Easter is upon us, and for many this religious holiday is an important time for family and, of course, chocolate. But take a look around the world and you’ll find a mix of fun and strange Easter traditions. Water-fights, costumes and parades; this religious holiday has some fascinating cultural twists.
We take a look at five Easter traditions that caught our eye.
Seville, capital of the Andalusia region and recently voted #1 2018 travel destination by Lonely Planet, is already in the midst of Semana Santa de Sevilla, or ‘Holy Week in Seville’. It is one of the largest festivals for the city, with thousands watching the daily processions that depict the Easter story. The wooden sculptures that are the main feature of these processions are incredibly ornate, and regarded as important artistic masterpieces.
塞维利亚(Seville)是安达卢西亚地区（Andalusia）的首府，最近被Lonely Planet评为2018年榜首旅游目的地，塞维利亚已经在Semana Santa de Sevilla（或塞维利亚的圣周）之中。这是该市最大的节日之一，数千人观看描绘复活节故事的日常游行。这些游行的主要特点是木制雕塑，令人难以置信的华丽，并被视为重要的艺术杰作。
The Swedish definitely have an interesting take on the holiday. Rather than relying on the Easter Bunny, the children of Sweden dress up as witches, begging for chocolate in exchange for paintings and drawings.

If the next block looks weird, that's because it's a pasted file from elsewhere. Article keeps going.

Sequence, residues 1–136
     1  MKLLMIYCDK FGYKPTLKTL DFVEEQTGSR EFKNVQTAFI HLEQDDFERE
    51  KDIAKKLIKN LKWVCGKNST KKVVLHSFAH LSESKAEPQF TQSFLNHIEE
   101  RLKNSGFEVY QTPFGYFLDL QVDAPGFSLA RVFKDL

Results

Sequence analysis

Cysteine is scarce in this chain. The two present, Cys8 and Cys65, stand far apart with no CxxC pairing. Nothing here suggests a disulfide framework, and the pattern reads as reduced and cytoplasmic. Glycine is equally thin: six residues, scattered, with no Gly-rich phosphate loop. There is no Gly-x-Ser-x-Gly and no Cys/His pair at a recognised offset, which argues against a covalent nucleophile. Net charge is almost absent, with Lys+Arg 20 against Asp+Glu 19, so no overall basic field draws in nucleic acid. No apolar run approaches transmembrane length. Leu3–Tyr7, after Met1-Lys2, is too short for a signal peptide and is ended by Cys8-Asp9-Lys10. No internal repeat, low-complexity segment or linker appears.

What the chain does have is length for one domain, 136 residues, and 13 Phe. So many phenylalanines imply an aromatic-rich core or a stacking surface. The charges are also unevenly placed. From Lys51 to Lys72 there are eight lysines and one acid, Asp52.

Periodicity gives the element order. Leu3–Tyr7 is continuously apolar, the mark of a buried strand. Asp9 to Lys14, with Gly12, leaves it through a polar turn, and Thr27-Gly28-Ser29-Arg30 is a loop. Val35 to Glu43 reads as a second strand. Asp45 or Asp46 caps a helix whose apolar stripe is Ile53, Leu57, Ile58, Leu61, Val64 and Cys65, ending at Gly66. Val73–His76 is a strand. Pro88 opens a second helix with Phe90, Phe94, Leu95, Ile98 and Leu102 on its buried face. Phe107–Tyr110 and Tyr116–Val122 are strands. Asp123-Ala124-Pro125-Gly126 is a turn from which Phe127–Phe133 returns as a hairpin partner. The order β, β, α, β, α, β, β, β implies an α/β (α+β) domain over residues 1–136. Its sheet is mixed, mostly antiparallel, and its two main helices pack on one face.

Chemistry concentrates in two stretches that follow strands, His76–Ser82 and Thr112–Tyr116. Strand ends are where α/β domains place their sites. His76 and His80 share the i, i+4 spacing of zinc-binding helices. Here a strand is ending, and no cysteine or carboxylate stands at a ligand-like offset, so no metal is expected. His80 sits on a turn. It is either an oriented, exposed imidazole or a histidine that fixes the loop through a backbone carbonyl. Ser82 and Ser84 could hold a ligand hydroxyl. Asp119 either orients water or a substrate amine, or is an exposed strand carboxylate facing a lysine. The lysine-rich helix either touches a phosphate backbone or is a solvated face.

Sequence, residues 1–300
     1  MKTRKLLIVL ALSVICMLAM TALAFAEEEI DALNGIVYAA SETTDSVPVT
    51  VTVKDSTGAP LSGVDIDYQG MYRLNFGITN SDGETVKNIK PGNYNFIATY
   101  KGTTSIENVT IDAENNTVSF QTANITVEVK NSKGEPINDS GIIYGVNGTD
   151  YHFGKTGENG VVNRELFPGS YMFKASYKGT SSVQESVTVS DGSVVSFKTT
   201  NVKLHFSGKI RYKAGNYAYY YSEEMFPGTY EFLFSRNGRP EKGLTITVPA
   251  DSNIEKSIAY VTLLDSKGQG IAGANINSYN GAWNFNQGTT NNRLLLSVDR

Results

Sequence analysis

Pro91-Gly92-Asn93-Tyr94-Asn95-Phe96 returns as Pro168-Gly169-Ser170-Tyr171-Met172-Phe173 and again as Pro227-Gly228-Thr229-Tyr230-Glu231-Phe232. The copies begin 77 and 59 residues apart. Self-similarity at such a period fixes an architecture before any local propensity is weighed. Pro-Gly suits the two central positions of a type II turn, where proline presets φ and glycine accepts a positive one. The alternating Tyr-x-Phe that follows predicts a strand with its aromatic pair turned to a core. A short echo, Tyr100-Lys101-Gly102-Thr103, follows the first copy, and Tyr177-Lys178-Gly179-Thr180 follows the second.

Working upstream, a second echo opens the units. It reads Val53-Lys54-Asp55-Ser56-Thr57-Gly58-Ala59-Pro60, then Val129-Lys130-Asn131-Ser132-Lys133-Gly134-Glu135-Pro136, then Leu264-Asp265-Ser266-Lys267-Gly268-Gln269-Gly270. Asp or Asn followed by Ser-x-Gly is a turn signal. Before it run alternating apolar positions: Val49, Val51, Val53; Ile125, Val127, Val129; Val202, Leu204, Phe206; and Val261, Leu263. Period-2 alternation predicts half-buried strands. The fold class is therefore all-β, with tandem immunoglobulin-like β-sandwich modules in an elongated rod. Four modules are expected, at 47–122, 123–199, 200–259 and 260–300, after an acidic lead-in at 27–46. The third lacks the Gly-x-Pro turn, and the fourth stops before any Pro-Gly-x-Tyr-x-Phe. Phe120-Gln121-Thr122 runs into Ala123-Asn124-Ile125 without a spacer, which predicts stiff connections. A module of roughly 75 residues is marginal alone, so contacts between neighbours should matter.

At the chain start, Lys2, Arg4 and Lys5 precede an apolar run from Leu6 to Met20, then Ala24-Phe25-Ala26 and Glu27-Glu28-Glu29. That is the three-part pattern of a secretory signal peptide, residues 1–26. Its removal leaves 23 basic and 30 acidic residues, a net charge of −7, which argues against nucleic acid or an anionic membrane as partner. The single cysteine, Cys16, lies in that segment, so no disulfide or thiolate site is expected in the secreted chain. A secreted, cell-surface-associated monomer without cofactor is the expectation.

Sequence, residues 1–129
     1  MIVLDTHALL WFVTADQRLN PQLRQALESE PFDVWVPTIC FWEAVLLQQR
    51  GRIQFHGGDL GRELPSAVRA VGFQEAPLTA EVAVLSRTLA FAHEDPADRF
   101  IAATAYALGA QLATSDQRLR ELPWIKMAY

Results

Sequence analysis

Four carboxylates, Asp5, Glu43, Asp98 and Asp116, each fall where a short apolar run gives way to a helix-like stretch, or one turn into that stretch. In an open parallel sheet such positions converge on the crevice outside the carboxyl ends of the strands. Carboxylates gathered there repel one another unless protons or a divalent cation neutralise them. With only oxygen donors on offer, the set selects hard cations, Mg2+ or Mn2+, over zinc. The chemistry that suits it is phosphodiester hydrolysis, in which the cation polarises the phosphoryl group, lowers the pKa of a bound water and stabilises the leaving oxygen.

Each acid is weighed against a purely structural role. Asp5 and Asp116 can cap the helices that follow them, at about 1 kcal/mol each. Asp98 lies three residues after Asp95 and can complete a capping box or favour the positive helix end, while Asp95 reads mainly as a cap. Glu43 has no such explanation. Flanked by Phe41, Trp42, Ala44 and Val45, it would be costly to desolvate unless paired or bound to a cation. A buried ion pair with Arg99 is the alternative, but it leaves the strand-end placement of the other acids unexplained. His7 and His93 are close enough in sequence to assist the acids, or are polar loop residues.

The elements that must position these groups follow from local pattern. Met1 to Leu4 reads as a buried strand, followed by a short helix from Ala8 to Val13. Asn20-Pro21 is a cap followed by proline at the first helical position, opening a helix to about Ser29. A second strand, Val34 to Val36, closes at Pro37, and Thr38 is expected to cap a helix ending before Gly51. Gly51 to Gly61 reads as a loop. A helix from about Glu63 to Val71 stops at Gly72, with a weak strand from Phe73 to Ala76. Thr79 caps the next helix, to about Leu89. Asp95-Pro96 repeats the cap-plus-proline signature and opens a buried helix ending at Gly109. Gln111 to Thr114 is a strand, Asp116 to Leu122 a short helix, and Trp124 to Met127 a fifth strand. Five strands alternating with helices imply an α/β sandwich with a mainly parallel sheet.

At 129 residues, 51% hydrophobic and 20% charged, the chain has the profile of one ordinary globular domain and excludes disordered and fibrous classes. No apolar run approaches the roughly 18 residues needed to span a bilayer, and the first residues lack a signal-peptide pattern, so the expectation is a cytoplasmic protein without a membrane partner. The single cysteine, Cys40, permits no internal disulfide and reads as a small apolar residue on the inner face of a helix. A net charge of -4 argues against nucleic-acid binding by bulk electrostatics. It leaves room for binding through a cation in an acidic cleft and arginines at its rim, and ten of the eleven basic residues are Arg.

The tradition is said to have come from the old belief that witches, flying from a German mountain on the Thursday before Good Friday, would need to be scared away with bonfires and fireworks. The result is a tradition which makes Easter seem almost like Halloween.
For the people of Poland, Easter is one big water-fight. Traditionally, Śmigus-dyngus (meaning ‘Wet Monday’) is a day where young men try and throw water over girls, who could try and save themselves by offering ransoms of painted eggs. However, modern celebrations have turned this into an all-in water-fight on Easter Monday. It is celebrated by Polish across the world, including America where it is known as Dyngus Day.
In the town of Haux, Easter eggs are traded for chicken eggs. 4,500 of them to be exact.
Every year the town gather together to make a giant omelette that can feed over 1,000 people. The strange tradition is said to have begun after Napoleon Bonaparte travelled through the town with his army. Whilst resting for the night, Napoleon was cooked an omelette for his dinner. Apparently the omelette was good, because it was ordered that all the town gather to make a giant one for his army the next day.
Walking the streets of Corfu on Easter could prove a major health hazard. On the morning of Holy Saturday the people of Corfu gather to throw pots out of their windows, smashing onto the streets below.
There’s two theories on where this tradition has come from. One that it welcomes spring, the other that it was derived from the Venetians who on New Years would, literally, throw out their old items. Wherever it comes from, witnessing the pots crashing from the tops of buildings is certainly a sight to behold.
Happy Travels, and have a great Easter!